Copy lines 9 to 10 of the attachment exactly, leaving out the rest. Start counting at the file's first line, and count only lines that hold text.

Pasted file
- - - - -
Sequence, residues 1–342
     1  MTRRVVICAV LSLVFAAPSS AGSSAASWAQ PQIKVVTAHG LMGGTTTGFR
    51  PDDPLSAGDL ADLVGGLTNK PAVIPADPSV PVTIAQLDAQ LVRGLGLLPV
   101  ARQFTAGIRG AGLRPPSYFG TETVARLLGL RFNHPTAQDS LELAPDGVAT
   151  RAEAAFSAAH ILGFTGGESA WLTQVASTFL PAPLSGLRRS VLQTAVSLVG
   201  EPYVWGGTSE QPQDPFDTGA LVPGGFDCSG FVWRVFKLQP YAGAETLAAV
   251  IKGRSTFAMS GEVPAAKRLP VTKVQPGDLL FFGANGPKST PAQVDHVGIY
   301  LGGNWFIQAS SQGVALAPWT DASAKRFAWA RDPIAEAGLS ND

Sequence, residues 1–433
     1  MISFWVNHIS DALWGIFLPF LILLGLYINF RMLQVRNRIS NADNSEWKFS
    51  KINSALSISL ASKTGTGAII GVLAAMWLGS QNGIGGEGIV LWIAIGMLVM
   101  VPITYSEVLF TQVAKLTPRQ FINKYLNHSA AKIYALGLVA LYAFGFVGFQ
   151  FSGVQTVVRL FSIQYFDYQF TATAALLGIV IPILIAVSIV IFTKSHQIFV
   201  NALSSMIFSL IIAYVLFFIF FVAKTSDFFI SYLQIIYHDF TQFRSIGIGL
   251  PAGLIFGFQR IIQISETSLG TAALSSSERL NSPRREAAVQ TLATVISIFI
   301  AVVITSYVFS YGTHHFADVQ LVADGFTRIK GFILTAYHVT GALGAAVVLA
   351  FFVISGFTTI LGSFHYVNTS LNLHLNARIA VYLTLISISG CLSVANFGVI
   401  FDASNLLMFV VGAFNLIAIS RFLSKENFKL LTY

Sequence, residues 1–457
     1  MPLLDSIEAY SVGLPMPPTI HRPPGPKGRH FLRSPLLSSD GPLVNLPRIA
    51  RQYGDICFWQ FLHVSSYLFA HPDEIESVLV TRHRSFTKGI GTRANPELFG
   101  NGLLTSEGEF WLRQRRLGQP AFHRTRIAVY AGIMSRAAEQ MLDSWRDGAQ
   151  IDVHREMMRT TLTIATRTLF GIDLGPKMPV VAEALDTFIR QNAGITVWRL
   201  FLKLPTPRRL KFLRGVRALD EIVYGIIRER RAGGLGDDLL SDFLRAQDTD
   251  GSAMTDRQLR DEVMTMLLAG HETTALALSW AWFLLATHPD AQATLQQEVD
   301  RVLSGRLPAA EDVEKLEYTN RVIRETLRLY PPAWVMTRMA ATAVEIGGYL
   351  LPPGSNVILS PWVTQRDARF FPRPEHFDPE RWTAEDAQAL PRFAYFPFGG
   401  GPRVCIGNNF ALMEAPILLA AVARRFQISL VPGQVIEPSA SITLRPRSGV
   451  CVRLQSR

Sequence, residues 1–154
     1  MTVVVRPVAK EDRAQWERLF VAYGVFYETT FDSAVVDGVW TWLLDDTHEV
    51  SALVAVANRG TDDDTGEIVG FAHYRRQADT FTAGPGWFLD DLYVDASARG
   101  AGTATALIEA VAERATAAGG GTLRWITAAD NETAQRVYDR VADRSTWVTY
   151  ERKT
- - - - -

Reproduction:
Sequence, residues 1–433
     1  MISFWVNHIS DALWGIFLPF LILLGLYINF RMLQVRNRIS NADNSEWKFS